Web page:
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opera1

[op-er-uh, op-ruh] /ˈɒp ər ə, ˈɒp rə/
noun
1.
an extended dramatic composition, in which all parts are sung to instrumental accompaniment, that usually includes arias, choruses, and recitatives, and that sometimes includes ballet.
2.
the form or branch of musical and dramatic art represented by such compositions.
3.
the score or the words of such a composition.
4.
a performance of one:
to go to the opera.
5.
(sometimes initial capital letter) an opera house or resident company:
the Paris Opera.
Origin
1635-1645
1635-45; < Italian: work, opera < Latin, plural of opus service, work, a work, opus

opera2

[oh-per-uh, op-er-uh] /ˈoʊ pər ə, ˈɒp ər ə/
noun, Chiefly Music.
1.
a plural of opus.

opus

[oh-puh s] /ˈoʊ pəs/
noun, plural opuses or especially for 1, 2, opera
[oh-per-uh, op-er-uh] /ˈoʊ pər ə, ˈɒp ər ə/ (Show IPA)
1.
a musical composition.
2.
one of the compositions of a composer, usually numbered according to the order of publication.
3.
a literary work or composition, as a book:
Have you read her latest opus?
Abbreviation: op.
Origin
1695-1705; < Latin: work, labor, a work
Dictionary.com Unabridged
Based on the Random House Dictionary, © Random House, Inc. 2014.
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Examples from the web for opera
  • At the border between opera and musical comedy, the barbed wire is obviously down.
  • We usually think of opera as a serious idiom that dramatizes the lives of illustrious characters.
  • But the comic opera has meanwhile crystallised doubts about the quality of his leadership.
  • The story of her ascent rivals a modern-day soap opera.
  • Big band in the afternoon, and opera in the evening.
  • In any case, you've landed yourself in a soap opera that you could have avoided by being more careful in the past.
  • The cinemas' problem is the opposite of that faced by art galleries, theatres and opera houses.
  • Among all the chaos, a famous opera singer leaned out his hotel window and sang.
  • She wore a miniskirt, fishnet stockings, opera gloves to her elbows.
  • opera offers a few different choices for where to put your tabs.
British Dictionary definitions for opera

opera1

/ˈɒpərə; ˈɒprə/
noun
1.
an extended dramatic work in which music constitutes a dominating feature, either consisting of separate recitatives, arias, and choruses, or having a continuous musical structure
2.
the branch of music or drama represented by such works
3.
the score, libretto, etc, of an opera
4.
a theatre where opera is performed
Word Origin
C17: via Italian from Latin: work, a work, plural of opus work

opera2

/ˈɒpərə/
noun
1.
a plural of opus

opus

/ˈəʊpəs; ˈɔp-/
noun (pl) opuses, opera (ˈɒpərə)
1.
an artistic composition, esp a musical work
2.
(often capital) (usually followed by a number) a musical composition by a particular composer, generally catalogued in order of publication: Beethoven's opus 61 is his violin concerto
op.
Word Origin
C18: from Latin: a work; compare Sanskrit apas work
Collins English Dictionary - Complete & Unabridged 2012 Digital Edition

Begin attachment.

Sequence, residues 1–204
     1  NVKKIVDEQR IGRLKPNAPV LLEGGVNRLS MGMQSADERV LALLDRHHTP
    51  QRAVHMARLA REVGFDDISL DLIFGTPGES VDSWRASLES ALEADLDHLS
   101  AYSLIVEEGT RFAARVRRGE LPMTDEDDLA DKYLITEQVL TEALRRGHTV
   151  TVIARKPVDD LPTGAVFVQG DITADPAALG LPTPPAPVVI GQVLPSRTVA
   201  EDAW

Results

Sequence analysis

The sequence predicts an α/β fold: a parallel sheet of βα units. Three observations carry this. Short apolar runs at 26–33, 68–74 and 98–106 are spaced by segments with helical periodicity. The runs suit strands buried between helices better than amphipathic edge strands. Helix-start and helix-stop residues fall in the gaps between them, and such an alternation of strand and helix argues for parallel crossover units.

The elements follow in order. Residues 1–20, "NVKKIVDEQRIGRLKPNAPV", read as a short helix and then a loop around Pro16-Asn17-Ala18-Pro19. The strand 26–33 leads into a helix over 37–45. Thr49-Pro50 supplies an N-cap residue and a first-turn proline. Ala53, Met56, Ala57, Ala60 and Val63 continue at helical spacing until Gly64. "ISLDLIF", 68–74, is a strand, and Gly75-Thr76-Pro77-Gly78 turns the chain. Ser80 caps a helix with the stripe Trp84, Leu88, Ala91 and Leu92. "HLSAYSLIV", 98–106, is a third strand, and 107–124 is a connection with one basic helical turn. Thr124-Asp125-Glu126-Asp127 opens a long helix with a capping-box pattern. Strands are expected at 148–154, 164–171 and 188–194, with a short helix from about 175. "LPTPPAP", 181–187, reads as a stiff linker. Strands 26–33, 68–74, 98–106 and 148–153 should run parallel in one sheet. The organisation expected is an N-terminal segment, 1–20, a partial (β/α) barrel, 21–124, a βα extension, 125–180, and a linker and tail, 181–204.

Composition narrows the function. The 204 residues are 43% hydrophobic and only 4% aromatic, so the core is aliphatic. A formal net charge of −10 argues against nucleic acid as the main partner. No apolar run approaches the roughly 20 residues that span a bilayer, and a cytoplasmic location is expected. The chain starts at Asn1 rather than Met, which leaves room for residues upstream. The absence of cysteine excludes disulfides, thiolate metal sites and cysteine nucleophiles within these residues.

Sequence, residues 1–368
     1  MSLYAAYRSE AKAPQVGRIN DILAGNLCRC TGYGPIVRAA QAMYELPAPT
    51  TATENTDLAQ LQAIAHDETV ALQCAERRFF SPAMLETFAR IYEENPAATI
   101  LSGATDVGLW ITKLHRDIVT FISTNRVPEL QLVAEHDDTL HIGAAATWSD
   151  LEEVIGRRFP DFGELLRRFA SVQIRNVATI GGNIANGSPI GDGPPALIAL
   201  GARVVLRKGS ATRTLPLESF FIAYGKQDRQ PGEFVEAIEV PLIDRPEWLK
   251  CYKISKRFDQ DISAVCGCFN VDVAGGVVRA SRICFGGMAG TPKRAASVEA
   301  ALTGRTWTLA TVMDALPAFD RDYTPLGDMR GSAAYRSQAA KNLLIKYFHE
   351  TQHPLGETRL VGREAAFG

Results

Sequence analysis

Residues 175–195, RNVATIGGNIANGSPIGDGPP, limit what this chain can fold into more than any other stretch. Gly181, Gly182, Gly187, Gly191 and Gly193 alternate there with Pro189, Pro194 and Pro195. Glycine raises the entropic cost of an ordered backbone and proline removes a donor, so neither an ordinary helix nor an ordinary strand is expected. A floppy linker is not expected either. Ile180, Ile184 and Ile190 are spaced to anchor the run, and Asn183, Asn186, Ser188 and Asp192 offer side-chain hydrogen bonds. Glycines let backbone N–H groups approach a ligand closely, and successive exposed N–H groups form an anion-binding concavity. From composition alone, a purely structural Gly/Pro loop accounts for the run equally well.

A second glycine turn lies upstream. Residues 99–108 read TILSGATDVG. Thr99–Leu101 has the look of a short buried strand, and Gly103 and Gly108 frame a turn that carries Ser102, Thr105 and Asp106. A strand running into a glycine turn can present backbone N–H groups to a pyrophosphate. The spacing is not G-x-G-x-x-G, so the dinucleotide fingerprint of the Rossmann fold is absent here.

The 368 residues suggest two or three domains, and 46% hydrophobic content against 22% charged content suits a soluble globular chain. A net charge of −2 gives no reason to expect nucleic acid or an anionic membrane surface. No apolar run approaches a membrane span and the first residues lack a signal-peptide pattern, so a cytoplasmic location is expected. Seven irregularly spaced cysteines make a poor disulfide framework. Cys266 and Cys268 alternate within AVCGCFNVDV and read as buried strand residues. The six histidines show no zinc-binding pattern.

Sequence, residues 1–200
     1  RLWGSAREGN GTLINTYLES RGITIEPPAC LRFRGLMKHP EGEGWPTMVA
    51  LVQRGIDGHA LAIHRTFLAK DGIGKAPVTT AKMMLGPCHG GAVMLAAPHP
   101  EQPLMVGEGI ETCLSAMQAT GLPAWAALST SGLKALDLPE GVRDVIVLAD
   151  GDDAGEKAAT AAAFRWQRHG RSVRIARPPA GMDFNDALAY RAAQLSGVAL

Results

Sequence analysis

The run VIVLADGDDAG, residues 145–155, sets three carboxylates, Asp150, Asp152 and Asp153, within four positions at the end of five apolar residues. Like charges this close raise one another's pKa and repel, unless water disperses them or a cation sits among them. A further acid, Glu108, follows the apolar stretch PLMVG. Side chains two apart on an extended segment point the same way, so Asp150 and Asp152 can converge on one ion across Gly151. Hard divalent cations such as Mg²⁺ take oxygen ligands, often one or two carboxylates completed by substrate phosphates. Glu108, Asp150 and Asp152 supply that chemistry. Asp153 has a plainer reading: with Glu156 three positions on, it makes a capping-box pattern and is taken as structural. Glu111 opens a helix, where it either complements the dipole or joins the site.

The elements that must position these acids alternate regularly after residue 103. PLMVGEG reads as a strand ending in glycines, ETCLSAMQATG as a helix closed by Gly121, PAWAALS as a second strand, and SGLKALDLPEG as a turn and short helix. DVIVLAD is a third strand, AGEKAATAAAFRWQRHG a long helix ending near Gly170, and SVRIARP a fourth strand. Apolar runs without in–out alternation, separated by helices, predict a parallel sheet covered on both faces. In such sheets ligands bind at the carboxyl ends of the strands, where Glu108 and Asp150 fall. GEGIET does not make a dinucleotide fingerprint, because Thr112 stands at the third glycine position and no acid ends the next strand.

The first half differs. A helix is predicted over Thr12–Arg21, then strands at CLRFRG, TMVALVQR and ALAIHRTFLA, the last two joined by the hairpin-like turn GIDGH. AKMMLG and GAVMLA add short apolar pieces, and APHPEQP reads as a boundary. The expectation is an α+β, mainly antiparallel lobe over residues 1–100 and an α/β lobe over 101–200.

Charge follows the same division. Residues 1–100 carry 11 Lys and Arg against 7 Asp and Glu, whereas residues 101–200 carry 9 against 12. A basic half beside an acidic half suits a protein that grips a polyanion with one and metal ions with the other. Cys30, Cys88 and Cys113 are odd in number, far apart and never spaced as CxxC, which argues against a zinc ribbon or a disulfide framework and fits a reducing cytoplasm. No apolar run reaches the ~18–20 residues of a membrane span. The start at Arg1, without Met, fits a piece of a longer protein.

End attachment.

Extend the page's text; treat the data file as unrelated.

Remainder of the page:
© William Collins Sons & Co. Ltd. 1979, 1986 © HarperCollins
Publishers 1998, 2000, 2003, 2005, 2006, 2007, 2009, 2012
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Word Origin and History for opera
n.

"a drama sung" [Klein], 1640s, from Italian opera, literally "a work, labor, composition," from Latin opera "work, effort" (Latin plural regarded as feminine singular), secondary (abstract) noun from operari "to work," from opus (genitive operis) "a work" (see opus). Defined in "Elson's Music Dictionary" as, "a form of musical composition evolved shortly before 1600, by some enthusiastic Florentine amateurs who sought to bring back the Greek plays to the modern stage."

No good opera plot can be sensible. ... People do not sing when they are feeling sensible. [W.H. Auden, 1961]
As a branch of dramatic art, it is attested from 1759. First record of opera glass "small binoculars for use at the theater" is from 1738. Soap opera is first recorded 1939, as a disparaging reference to daytime radio dramas sponsored by soap manufacturers.

opus

n.

"a work, composition," especially a musical one, 1809, from Latin opus "a work, labor, exertion" (source of Italian opera, French oeuvre, Spanish obra), from PIE root *op- (Germanic *ob-) "to work, produce in abundance," originally of agriculture later extended to religious acts (cf. Sanskrit apas- "work, religious act;" Avestan hvapah- "good deed;" Old High German uoben "to start work, to practice, to honor;" German üben "to exercise, practice;" Dutch oefenen, Old Norse æfa, Danish øve "to exercise, practice;" Old English æfnan "to perform, work, do," afol "power"). The plural, seldom used as such, is opera.

Online Etymology Dictionary, © 2010 Douglas Harper
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opera in Culture

opera definition


A musical drama that is totally or mostly sung. A&idie;da, Carmen, and Don Giovanni are some celebrated operas. A light, comic opera is often called an operetta.

The American Heritage® New Dictionary of Cultural Literacy, Third Edition
Copyright © 2005 by Houghton Mifflin Company.
Published by Houghton Mifflin Company. All rights reserved.
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Slang definitions & phrases for opera

opera

Related Terms

horse opera, oater, soap opera, space opera


The Dictionary of American Slang, Fourth Edition by Barbara Ann Kipfer, PhD. and Robert L. Chapman, Ph.D.
Copyright (C) 2007 by HarperCollins Publishers.
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